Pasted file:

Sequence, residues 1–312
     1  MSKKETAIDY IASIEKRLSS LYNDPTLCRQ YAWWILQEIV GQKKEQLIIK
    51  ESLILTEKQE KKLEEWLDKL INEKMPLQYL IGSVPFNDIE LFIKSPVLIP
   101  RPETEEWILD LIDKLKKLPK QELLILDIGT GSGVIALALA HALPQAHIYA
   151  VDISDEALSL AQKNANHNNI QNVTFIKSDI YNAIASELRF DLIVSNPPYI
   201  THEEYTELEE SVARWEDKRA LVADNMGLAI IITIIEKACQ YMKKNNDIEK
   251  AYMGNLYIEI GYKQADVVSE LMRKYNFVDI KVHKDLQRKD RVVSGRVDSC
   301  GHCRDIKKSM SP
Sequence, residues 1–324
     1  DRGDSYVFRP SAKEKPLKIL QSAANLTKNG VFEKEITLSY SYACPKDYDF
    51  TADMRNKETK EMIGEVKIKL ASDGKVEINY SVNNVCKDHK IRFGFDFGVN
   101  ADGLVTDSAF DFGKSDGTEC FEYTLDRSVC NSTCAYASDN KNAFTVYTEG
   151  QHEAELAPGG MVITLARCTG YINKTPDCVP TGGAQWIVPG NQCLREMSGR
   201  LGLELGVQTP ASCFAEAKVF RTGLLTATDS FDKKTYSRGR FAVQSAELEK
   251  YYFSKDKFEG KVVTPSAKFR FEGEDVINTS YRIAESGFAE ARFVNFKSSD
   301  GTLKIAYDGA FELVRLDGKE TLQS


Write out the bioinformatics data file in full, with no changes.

Sequence, residues 1–312
     1  MSKKETAIDY IASIEKRLSS LYNDPTLCRQ YAWWILQEIV GQKKEQLIIK
    51  ESLILTEKQE KKLEEWLDKL INEKMPLQYL IGSVPFNDIE LFIKSPVLIP
   101  RPETEEWILD LIDKLKKLPK QELLILDIGT GSGVIALALA HALPQAHIYA
   151  VDISDEALSL AQKNANHNNI QNVTFIKSDI YNAIASELRF DLIVSNPPYI
   201  THEEYTELEE SVARWEDKRA LVADNMGLAI IITIIEKACQ YMKKNNDIEK
   251  AYMGNLYIEI GYKQADVVSE LMRKYNFVDI KVHKDLQRKD RVVSGRVDSC
   301  GHCRDIKKSM SP
Sequence, residues 1–324
     1  DRGDSYVFRP SAKEKPLKIL QSAANLTKNG VFEKEITLSY SYACPKDYDF
    51  TADMRNKETK EMIGEVKIKL ASDGKVEINY SVNNVCKDHK IRFGFDFGVN
   101  ADGLVTDSAF DFGKSDGTEC FEYTLDRSVC NSTCAYASDN KNAFTVYTEG
   151  QHEAELAPGG MVITLARCTG YINKTPDCVP TGGAQWIVPG NQCLREMSGR
   201  LGLELGVQTP ASCFAEAKVF RTGLLTATDS FDKKTYSRGR FAVQSAELEK
   251  YYFSKDKFEG KVVTPSAKFR FEGEDVINTS YRIAESGFAE ARFVNFKSSD
   301  GTLKIAYDGA FELVRLDGKE TLQS